How FG’s ‘reverse auction’ renders EEG scheme redundant

Nigerian exports

The federal government has introduced the reverse auction for the Export Expansion Grant (EEG) scheme as a way of paying exporters owed between 2006 and 2016.

Reverse auction means that creditor exporters will bid for promissory notes by offering discounts to the government.

The simple explanation of this is that Frigo Glass that is owed N185.988 million, according to one of the documents seen by BusinessDay, will have to bid and reduce this amount by as lower as possible to have a chance of being paid at all.

The lower this company is willing to go, the more chances it has. Companies that bid much lower will have to be paid before others that are unwilling to go much lower.

Experts see this as trivialising an exercise that is expected to boost non-oil exports amid declining foreign exchange earnings.

“The implication of this is that un-genuine exporters can go any lower just to get anything,” an expert, who does not want her name n print, said.

The reverse auction is being managed by the Debt Management Office.

“The discounts offered will be the basis for allocation,” the Debt Management Office (DMO) said at a presentation recently.

This means that no exporting company is sure of how much it will get when the payment begins.

“So, the question is, will the government also pay me an interest on what they owed me all these years?” asked an exporter.

The EEG was originally established in 1986 to help Nigerian exporters to become competitive at the global market. It is a practice in many developing and developed countries such as China, India and Australia to provide concessions or cash rebates/grants to companies penetrating new markets or consolidating already established markets to enable them rival competitors

In Nigeria, companies that exported different kinds of products or commodities between 2006 and 2016 were owed billions of naira in claims as the federal government did not meet the obligation of settling them as promised

The government is using promissory notes for the settlement of qualified exporters, rather than the negotiable duty credit certificates used before 2015.

A document seen by BusinessDay shows that the National Assembly committees on promissory notes have approved notes of 269 companies worth N193.042 billion. BusinessDay earlier reported that some of the companies approved were A&P Foods, African Glass Limited, African Textile Manufacturers Limited, Crown Flour Mills, Jebba Paper Mills, Deli Foods, Peugeot Automobiles, Procter & Gamble, Ajaokuta Steel Company, Olam Nigeria Limited and GZ Industries, among many others.

However, the list of approved firms contains companies that have questionable export records. For instance, Ajaokuta Steel Company that has not produced a single sheet since its establishment in 1971, despite gulping over $8 billion, had N118.006 million approved as its share for the EEG. Experts wonder what Ajaokuta that has little local relevance to the steel sector would have exported between 2006 and 2016 when the public officers in charge of the complex said it was dead.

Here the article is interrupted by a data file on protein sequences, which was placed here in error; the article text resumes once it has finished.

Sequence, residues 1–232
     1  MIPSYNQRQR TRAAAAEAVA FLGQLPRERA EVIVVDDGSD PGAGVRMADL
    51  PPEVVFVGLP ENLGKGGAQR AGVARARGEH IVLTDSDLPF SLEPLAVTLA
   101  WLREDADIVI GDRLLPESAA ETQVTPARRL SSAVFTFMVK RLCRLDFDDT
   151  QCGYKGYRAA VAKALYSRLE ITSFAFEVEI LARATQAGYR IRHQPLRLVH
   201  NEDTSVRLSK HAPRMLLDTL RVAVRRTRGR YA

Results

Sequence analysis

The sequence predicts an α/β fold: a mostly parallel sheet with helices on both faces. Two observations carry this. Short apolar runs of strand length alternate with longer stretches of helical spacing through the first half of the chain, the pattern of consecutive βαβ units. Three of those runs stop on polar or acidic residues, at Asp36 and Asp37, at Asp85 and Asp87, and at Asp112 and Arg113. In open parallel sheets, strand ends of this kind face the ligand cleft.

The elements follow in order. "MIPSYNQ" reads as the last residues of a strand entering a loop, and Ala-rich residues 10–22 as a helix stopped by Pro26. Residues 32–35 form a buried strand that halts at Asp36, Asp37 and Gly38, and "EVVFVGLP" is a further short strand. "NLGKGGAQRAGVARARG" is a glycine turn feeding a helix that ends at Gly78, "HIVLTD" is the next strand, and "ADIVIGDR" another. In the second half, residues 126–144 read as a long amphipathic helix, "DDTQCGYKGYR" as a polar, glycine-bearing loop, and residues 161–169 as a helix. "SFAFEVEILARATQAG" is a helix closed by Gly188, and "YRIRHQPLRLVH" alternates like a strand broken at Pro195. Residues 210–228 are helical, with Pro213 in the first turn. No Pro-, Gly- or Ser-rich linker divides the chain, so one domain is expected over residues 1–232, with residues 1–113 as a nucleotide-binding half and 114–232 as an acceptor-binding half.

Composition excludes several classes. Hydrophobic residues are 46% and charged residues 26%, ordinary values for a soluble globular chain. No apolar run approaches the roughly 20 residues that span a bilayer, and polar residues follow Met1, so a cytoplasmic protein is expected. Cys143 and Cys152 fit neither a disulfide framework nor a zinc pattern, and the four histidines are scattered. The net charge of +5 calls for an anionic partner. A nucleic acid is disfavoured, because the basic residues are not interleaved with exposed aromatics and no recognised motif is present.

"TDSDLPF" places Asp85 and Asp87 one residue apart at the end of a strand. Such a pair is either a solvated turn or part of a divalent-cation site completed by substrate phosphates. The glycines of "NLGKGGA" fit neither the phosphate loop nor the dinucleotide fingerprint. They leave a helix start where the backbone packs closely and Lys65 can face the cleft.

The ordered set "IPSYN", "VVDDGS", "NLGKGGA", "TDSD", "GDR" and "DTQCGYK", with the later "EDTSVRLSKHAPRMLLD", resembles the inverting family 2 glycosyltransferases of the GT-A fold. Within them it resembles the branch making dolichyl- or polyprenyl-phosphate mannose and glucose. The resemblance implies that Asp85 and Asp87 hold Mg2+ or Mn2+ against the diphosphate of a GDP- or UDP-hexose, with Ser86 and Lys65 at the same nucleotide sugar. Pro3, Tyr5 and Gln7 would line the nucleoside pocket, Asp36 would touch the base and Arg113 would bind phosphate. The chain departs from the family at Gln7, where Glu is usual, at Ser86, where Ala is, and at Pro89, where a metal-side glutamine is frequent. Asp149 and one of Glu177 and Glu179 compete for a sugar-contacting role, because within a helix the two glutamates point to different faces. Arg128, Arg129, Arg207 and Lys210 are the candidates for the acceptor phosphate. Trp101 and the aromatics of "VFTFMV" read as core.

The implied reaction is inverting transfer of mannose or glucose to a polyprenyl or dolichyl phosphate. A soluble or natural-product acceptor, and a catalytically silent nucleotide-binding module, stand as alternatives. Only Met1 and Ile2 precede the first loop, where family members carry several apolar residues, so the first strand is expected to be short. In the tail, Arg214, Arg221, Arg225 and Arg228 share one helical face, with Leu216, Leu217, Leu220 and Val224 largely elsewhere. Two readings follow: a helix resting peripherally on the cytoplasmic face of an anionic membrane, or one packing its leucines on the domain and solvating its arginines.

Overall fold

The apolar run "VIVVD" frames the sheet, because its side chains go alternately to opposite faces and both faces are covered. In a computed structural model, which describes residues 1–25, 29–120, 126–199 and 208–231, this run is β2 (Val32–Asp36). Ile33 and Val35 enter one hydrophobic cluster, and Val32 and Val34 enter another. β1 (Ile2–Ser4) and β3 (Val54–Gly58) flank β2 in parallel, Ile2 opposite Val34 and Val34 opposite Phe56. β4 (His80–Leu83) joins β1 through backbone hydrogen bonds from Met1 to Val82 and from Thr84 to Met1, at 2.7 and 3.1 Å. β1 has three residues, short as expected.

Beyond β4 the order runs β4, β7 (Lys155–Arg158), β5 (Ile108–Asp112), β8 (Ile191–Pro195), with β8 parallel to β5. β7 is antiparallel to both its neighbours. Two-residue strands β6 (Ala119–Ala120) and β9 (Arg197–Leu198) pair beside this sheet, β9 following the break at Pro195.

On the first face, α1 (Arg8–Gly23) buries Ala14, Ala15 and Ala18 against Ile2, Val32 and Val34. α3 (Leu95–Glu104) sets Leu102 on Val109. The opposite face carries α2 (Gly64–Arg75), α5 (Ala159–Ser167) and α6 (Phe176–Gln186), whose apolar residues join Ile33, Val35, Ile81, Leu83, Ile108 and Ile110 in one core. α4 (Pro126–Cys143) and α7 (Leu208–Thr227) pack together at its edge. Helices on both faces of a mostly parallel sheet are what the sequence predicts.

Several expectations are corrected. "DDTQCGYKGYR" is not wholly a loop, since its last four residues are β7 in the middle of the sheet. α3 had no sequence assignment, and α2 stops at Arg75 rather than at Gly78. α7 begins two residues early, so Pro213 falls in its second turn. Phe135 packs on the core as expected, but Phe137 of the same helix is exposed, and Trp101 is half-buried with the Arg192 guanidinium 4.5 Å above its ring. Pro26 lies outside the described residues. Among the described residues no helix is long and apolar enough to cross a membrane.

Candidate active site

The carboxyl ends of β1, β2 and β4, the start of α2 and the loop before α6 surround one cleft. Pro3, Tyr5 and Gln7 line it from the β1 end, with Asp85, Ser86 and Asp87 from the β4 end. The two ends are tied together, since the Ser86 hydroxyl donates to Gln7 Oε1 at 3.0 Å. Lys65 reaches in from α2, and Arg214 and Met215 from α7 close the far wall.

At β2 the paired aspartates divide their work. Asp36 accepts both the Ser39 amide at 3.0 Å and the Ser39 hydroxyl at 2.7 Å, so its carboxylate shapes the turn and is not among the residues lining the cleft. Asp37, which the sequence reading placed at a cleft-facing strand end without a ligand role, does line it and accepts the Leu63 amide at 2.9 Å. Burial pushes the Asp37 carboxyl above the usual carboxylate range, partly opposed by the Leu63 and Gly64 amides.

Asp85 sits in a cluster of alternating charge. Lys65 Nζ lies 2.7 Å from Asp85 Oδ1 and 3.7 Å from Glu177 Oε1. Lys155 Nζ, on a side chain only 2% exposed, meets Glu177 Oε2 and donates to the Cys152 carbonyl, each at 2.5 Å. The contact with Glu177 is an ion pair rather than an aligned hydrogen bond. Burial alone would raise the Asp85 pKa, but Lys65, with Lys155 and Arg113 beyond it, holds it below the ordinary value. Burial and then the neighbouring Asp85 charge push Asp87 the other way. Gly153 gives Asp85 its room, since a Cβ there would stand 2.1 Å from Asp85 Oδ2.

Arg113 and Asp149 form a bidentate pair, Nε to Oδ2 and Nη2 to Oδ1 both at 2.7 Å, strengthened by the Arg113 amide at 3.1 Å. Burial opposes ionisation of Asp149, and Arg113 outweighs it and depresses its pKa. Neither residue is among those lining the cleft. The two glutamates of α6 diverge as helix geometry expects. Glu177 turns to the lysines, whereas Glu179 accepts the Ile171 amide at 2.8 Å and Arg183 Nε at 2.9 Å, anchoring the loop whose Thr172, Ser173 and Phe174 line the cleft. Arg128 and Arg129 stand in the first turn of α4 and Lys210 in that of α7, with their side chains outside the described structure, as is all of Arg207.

“One of the major challenges why Ajaokuta Steel has not commenced full production has been the problem of infrastructure, like the railway for transporting raw materials to the plant,” Musa Mohammed Sada, former minister of Mines and Steel Development, had said on December 24, 2014.

In 2016, Kayode Fayemi, then minister for Solid Minerals Development, said while defending his ministry’s budget in February 2016 that the Federal Government would need to clear all legal hurdles surrounding the Ajaokuta Steel Company Limited for it to begin to function. Yet, money was allocated to this moribund complex as an exporter.

Money was also approved for Peugeot Automobile, which specialises in car assembly. There was also an approval for Jebba Paper Mill, which has been struggling to produce papers for the country since 2009 when it came on board.

“It will be interesting to know what all the companies exported and to where,” an exporter, whose company was approved, said.

“You can also see that some textile companies are on the list. It will be interesting to know whether they exported textiles or cotton within the period,” the exporter said.

Amid the outcry that some of the companies are not genuine exporters, and the fact that 38 firms are being held to ransom by legislators, the federal government is also saying that it cannot pay what is due to exporters using the reverse auction as a front, say experts.

Nigeria’s non-oil revenue to GDP has remained four percent since 2014 owing to lip service paid to issues around export and business environment in the country.

Its total non-oil export earnings from more than 25 commodities in 2018 was $3.3 billion (N1.19 trillion), according to the National Bureau of Statistics (NBS), but Bangladesh, once among the poorest countries on earth, earned almost 10 times as much ($33bn) from exporting one ready-to-wear garments.

“The key issue with Nigerian export is competitiveness. Unless we have an environment that positions the economy for competitiveness, we cannot make any headway,” Muda Yusuf, director-general of the Lagos Chamber of Commerce and Industry (LCCI), said at a book launch in Lagos recently.




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